BREAK OF DAY IN THE TRENCHES (Isaac Rosenberg)
The darkness crumbles away -
It is the same old druid Time as ever.
Only a live thing leaps my hand -
A queer sardonic rat -
As I pull the parapet's poppy
To stick behind my ear.
Droll rat, they would shoot you if they knew
Your cosmopolitan sympathies
(And God knows what antipathies).
Now you have touched this English hand
You will do the same to a German -
Soon, no doubt, if it be your pleasure
To cross the sleeping green between.
It seems you inwardly grin as you pass
Strong eyes, fine limbs, haughty athletes
Less chanced than you for life;
Bonds to the whims of murder,
Sprawled in the bowels of the earth,
The torn fields of France.
What do you see in our eyes
At the shrieking iron and flame
Hurled through still heavens?
What quaver - what heart aghast?
Poppies whose roots are in man's veins
Drop, and are ever dropping;
But mine in my ear is safe,
Just a little white with the dust.
I'm no expert on World War II poets but I am probably a tiny bit closer to it than with the World War I poets, being anywhere from interested in to obsessed with The Big Three of Keith Douglas, Sidney Keyes and Alun Lewis. The World War I poets are, by and large, more famous: Wilfred Owen, Rupert Brooke, Siegfried Sassoon and others. They have individual poems that touch me but but their vision doesn't speak to me to the same extent as those of Douglas and Keyes.
I'm not sure if I had heard of Isaac Rosenberg before I read Keith Douglas's remarkable 'Desert Flowers'. I think it's likely that I had come across his name, but I don't remember. In 'Desert Flowers', Douglas wryly says: "Rosenberg I only repeat what you were saying". It is a touching moment in the poem where the poet's everyday voice seems to break through. Rosenberg was a Londoner of Lithuanian Jewish parentage, who died in France in 1918. He was opposed to killing and to the war, but enlisted primarily to provide financial support for his mother. He was also an artist and painted the self-portrait above.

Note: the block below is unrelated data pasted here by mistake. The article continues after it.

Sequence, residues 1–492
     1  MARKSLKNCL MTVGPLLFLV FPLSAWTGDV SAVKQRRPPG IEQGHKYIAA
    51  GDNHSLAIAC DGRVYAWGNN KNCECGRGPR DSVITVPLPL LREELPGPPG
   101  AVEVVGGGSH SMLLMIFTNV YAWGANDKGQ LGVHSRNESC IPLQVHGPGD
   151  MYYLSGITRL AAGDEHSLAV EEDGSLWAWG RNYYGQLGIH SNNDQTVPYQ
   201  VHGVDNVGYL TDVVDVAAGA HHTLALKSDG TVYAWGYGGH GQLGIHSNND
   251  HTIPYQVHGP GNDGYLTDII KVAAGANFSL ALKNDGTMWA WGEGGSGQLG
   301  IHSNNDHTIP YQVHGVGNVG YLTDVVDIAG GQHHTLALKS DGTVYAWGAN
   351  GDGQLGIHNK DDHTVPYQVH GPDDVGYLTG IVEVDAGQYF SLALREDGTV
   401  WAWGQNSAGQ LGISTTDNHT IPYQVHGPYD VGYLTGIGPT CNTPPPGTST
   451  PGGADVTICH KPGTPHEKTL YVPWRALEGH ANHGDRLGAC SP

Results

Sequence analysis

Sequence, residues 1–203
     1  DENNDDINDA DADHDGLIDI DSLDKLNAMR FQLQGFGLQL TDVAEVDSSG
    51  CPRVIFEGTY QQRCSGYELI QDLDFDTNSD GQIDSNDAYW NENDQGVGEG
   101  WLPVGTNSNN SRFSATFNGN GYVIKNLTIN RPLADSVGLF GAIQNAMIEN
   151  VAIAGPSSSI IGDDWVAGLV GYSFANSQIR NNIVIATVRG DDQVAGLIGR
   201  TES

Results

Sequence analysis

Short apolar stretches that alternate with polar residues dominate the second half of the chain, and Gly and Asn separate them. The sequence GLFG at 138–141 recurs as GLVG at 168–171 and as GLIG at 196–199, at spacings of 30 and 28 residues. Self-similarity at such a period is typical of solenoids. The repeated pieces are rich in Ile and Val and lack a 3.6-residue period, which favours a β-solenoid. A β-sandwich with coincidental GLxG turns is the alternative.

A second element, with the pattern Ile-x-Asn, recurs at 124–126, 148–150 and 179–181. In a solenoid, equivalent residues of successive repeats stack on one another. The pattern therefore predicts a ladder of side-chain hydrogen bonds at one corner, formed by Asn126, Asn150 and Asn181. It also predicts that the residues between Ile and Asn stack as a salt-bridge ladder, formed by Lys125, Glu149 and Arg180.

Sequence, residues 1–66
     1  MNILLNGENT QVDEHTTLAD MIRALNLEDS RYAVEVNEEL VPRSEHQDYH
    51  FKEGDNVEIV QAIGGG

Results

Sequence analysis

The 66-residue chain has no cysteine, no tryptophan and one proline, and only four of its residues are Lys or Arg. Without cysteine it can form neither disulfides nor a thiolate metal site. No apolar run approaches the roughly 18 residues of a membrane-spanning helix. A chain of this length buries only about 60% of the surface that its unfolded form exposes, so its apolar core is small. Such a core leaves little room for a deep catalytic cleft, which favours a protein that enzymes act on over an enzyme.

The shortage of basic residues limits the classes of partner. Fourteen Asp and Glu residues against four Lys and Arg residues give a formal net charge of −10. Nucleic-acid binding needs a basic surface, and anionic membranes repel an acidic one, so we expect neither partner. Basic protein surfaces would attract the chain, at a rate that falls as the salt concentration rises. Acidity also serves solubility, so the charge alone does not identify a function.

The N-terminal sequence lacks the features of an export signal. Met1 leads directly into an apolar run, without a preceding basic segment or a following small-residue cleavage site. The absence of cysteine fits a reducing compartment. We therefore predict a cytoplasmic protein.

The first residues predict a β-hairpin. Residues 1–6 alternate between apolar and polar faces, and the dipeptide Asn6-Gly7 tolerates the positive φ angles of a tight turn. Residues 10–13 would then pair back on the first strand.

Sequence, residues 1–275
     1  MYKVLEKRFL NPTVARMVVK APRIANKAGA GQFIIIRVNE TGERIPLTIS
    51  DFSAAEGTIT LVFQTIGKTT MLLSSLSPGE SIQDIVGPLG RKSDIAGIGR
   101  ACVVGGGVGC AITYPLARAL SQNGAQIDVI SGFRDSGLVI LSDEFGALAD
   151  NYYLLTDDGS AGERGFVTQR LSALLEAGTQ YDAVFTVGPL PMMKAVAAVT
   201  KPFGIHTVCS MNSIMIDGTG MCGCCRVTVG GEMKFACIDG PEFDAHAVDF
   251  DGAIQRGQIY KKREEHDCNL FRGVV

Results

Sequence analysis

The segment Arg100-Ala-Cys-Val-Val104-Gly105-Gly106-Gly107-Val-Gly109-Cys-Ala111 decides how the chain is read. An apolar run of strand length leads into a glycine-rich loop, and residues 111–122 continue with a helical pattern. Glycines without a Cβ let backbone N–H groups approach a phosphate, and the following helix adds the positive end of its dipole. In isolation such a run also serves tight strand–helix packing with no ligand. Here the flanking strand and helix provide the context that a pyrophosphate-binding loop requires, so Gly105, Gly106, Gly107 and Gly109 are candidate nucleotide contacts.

I don't know what Douglas meant when he spoke to Rosenberg - whether he referred to something specific in one of Rosenberg's poems, or if it was homage to his overall vision. I haven't read that much by Rosenberg yet. 'Break of Day in the Trenches' is his most famous poem - some feel that it is the single greatest poem of the war - and its opening lines are totally enthralling: "The darkness crumbles away - /It is the same old druid Time as ever." If only it were not about something as terrible as the war. It is a beautiful and skilful poem, with its subtle references to the rat who doesn't care about the national divisions that led to the war, and the heartbreaking bravado of the dust-whitened poppy tucked behind the young soldier's ear. It makes me want to read more of Rosenberg.
I thought of this poem partly because I'd been reading Douglas - and 'Desert Flowers' is forever burned on my mind - but also because I went to see the new film War Horse on the weekend. I loved the horse actors, who were superb, and so were some of the humans; it was impressively filmed, and Benedict Cumberbatch was in it, which never hurts. It could have been better, though. It was perhaps a bit too sentimental and glossy, though I realise that it was a film at least partly aimed at a younger audience and it wasn't going to be a full-on war movie. It did convey something of how terrible World War I was. Scenes from the trenches, and a cavalry charge (swords and all - tragic and ridiculous) cut down by machine guns... But it was sanitized, and as much as some of the scenes shocked by their power of suggestion, I couldn't help thinking that the reality was a million times worse than anything depicted. I do unreservedly recommend the play, which is still running in London's West End and I think now in America - the giant horse puppets had a magic I've never seen elsewhere on stage.